Sadie by Courtney Summers
Sadie is an intense, devastating novel on the older end of the YA spectrum. The title character is a 19-year-old young woman with nothing left to lose after the murder of her younger sister Mattie. Sadie was raising Mattie after their mom, who was an addict, left. Mattie was her whole world. When the police investigation turns up nothing, Sadie embarks on her own journey to track down the killer. Alternating Sadie’s story is the transcript of a Serial-like podcast by an NPR-esque journalist who is tracing Sadie’s steps. Sadie is a fascinating, flawed queer character. I especially liked how Summers portrayed Sadie’s stutter. The writing is restrained and pitch perfect for the character. I’d recommend this book as an audiobook if you’re into those; the podcast narrative obviously lends itself to that format! This book includes content on pedophilia and childhood sexual abuse, so proceed with that in mind.
The Fact of a Body: A Murder and a Memoir by Alexandria Marzano-Lesnevich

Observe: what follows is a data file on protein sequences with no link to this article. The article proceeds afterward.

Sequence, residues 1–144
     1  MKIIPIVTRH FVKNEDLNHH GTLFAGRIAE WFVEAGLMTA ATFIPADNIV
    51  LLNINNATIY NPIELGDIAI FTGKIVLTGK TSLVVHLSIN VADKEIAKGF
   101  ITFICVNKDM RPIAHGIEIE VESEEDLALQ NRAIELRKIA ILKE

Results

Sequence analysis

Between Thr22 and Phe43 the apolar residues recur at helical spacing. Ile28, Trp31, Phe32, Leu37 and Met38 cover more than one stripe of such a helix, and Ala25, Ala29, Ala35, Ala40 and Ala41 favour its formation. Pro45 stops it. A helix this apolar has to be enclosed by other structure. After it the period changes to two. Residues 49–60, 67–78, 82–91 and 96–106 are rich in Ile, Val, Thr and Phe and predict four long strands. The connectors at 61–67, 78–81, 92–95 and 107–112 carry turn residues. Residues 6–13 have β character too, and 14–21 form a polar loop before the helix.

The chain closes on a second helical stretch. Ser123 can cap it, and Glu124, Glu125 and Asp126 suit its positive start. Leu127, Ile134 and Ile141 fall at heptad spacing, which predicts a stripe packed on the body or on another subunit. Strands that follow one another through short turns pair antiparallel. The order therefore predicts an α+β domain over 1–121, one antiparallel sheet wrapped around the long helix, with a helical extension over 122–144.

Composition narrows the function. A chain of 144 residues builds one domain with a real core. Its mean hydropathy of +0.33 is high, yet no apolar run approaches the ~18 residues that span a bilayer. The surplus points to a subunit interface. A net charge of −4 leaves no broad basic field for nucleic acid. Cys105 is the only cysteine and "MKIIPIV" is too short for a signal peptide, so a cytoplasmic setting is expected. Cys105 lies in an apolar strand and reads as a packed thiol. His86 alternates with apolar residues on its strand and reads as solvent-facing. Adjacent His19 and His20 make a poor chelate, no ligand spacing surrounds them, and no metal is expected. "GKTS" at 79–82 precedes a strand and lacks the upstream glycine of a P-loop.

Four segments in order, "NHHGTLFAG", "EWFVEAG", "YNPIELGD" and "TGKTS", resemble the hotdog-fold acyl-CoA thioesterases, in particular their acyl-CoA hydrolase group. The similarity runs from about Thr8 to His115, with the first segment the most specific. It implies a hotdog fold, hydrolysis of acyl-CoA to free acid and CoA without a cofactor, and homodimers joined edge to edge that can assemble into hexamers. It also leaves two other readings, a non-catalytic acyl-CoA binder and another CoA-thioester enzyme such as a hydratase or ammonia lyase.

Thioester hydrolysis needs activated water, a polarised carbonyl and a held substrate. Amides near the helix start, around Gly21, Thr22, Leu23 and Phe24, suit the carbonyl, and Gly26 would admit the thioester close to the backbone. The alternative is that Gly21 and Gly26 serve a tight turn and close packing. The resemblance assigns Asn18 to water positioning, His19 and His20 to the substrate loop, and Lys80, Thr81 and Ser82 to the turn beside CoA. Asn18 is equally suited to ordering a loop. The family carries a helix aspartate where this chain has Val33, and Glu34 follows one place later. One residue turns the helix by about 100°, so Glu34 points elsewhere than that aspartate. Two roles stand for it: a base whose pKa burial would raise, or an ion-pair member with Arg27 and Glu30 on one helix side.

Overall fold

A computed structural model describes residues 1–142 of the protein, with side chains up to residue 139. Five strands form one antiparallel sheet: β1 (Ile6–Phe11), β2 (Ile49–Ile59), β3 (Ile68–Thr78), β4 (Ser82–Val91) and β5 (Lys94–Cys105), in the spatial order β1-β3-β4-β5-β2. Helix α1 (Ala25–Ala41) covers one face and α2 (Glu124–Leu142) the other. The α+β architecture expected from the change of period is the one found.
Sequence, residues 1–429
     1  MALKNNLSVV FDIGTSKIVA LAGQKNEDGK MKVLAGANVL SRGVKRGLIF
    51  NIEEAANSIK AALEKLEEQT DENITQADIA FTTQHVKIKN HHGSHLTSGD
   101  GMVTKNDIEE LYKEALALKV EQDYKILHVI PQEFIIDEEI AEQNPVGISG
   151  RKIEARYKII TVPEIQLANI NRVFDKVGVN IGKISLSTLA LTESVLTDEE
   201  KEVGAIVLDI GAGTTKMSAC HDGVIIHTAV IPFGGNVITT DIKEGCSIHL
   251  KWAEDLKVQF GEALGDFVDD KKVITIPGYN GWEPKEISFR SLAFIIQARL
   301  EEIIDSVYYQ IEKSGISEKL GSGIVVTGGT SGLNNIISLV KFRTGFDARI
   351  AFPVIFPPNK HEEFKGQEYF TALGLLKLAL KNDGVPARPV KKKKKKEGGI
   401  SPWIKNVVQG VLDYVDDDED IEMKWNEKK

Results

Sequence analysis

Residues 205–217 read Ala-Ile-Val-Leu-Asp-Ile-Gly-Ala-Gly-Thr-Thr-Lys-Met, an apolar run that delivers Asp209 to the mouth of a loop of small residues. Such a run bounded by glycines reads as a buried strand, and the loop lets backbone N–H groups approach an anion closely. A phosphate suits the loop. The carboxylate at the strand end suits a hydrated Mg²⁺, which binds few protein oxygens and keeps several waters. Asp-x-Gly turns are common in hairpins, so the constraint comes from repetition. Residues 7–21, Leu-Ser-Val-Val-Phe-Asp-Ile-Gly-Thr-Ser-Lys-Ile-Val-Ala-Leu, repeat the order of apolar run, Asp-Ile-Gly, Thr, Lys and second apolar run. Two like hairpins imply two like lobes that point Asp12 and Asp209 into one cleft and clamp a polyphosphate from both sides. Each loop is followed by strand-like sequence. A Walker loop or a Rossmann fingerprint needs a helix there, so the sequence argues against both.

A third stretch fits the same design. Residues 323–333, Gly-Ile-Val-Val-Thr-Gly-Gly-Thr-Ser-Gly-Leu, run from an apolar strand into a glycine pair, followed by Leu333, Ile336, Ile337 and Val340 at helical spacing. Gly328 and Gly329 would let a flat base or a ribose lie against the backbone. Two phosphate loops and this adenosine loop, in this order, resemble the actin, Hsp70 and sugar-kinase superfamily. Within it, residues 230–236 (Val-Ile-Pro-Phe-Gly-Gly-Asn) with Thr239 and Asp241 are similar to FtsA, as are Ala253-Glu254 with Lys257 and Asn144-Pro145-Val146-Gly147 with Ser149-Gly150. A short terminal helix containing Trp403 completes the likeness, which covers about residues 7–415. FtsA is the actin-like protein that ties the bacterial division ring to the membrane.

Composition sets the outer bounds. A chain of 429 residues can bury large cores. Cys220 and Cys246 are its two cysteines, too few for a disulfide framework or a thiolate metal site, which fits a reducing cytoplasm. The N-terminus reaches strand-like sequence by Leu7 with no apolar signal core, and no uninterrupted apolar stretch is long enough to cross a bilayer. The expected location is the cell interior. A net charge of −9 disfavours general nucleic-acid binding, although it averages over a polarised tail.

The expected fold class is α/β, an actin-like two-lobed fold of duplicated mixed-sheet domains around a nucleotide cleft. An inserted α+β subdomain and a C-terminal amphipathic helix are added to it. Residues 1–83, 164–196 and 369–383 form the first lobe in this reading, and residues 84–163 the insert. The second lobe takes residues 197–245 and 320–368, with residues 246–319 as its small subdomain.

A unique blend of true crime and memoir, The Fact of a Body won the Lambda Award for Lesbian Memoir/Biography in 2018. When Marzano-Lesnevich begins a summer job at a law firm, they’re pretty firm on their anti-death penalty stance. But when they come across a tape of convicted murderer Ricky Langley, they’re overcome with the feeling that this man should die. As they delve deeper into Ricky’s narrative, they find things are uncannily familiar. They’re forced to confront how this case is connected with their own story, including childhood sexual trauma. And then they’re surprised to find that it’s not only them who has seen their own life reflected in the case. Marzano-Lesnevich treats both the true crime and memoir aspects of this book with delicacy. They also bring a strong sense of the complexities and impossibilities of a single narrative to tell the “truth.”